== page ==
There were several  several 4th/5th cousin matches that related to families not in my tree but who could be candidates for missing  gg or ggg grandparents. These include several local families like French (links to Batten) and  Mugford (poss Newell, Batten & French links). One name that was unexpected was Thorne which had several distant DNA matches to the Thorns of Torbay and New Harbour, Trinity Bay. Both of these families trace roots back to John Thorne, an agent for Trinity merchant Benjamin Lester. Thorne was established in New Harbour, Trinity Bay by the 1770s. There is some Newell family history that suggests a connection to the Newells of Trinity but not those of Bonavista. The Thorns of Harbour Grace were merchants that had strong connections with several families in ‘The Dock’ including building the schooner Thorne in Bareneed c 1818.  In addition, my family had business connections to the Nuttall family (of Harbour Grace and Brigus) who were related to the Thornes (see Merchant Connections).


One totally unexpected connection was an apparent link to John Neville who was married at St. John’s (RC church) in 1805.  A 3rd cousin (related to Nathaniel Newell of the Dock) also found this link which suggest it predates our common gg grandfather (John son of Philip).

30 Oct
St. John’sNEVIL, JohnParish of Dunbrody, Co. WexfordCORBIT, Anne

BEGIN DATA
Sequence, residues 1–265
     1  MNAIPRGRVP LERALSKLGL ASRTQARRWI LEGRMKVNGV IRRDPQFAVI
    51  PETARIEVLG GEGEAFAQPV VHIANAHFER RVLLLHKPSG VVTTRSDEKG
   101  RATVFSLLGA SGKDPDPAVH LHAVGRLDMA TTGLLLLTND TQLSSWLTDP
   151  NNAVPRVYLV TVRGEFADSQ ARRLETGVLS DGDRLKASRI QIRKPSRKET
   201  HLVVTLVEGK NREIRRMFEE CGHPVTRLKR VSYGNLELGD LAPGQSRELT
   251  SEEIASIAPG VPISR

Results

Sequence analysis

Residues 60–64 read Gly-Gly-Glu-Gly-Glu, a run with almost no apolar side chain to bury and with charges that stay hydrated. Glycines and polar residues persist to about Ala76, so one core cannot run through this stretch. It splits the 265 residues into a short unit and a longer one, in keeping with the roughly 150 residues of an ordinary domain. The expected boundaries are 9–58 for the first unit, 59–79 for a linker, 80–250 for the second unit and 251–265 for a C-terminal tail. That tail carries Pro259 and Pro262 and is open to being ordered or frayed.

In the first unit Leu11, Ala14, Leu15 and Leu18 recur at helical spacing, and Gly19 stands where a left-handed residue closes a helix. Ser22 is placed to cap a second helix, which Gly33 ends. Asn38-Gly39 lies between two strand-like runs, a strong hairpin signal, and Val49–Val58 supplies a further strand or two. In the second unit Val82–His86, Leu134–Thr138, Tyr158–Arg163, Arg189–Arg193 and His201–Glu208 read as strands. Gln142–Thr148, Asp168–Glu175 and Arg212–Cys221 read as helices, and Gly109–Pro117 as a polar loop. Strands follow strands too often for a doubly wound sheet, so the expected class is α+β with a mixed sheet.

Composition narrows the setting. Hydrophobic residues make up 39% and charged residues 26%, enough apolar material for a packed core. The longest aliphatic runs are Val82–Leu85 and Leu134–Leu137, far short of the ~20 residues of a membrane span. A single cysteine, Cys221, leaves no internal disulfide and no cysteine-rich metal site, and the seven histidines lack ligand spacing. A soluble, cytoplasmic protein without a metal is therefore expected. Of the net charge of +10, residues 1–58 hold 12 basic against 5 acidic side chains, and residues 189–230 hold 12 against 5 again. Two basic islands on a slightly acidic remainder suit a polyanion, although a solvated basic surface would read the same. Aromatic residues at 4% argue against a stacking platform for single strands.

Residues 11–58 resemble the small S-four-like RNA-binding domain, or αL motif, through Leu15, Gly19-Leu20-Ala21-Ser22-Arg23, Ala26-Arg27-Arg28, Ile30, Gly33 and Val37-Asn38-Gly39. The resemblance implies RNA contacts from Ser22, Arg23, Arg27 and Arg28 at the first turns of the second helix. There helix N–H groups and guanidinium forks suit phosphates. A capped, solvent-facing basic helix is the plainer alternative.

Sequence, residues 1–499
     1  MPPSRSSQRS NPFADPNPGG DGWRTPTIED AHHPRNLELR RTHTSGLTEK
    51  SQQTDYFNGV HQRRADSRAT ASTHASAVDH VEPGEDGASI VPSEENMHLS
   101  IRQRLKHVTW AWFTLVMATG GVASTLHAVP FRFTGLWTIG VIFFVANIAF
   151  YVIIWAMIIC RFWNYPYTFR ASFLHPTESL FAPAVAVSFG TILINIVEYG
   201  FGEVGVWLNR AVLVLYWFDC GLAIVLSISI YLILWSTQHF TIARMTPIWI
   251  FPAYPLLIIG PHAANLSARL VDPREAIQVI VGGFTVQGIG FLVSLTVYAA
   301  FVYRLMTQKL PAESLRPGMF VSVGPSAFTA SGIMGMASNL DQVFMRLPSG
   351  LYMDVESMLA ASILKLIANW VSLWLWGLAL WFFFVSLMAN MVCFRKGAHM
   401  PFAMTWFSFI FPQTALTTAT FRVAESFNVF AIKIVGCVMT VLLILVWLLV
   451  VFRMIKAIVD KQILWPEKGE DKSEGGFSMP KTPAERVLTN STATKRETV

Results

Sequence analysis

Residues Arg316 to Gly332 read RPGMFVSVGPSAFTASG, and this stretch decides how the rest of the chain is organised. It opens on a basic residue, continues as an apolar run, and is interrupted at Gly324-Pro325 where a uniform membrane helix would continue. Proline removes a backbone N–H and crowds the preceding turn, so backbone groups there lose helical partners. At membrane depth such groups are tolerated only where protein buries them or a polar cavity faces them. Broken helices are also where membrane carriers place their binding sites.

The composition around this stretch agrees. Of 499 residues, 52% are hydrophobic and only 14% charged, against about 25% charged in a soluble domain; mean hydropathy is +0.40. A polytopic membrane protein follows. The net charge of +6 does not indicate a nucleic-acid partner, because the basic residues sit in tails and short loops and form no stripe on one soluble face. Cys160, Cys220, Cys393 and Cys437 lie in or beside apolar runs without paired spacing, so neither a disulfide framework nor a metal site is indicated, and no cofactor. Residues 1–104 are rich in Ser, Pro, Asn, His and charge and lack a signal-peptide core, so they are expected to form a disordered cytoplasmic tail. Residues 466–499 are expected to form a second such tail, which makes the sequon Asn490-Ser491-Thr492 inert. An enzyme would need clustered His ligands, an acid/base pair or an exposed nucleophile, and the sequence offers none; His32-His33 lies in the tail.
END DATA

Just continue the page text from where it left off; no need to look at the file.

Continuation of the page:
John Nevil (later Neville) was from Co. Wexford, Ireland. The early Nevilles of  Wexford were a Norman family that is frequently referenced as Newell in early (per 1700) English documents (I have researched the Irish Newells and plan to do a section on them in future).  However, the DNA connection might also be through his wife Anne Corbit who may be related to the Corban  (Corbett/Corbit/Corbet/Corbin) family of ‘The Dock’ (Bartholomew Corban was settled there in the 1770s); I also get several 5th cousin DNA matches to this family.

One set of non Newell connections that is especially interesting are a number of 3rd, 4th to 5th cousin matches to Noels from Harbour Grace.  Peter Noel, who has done considerable research on the Noels of Harbour Grace, has speculated about a connection between the two families. Peter and I did Y-DNA test (more on this in Y-DNA report) that suggest a possible distant connection that would likely be well beyond the 5th cousin level (I am not sure if  he did the Ancestry autosomal test but I think he did a similar test with Family tree). After further research, I suspect that my autosomal DNA links to Noels may come through my mother’s ancestors who were Snelgroves and Cakes from the Harbour Grace area who intermarried with several Noels from this area or from the ancestors of my grandmother Clara Andrews.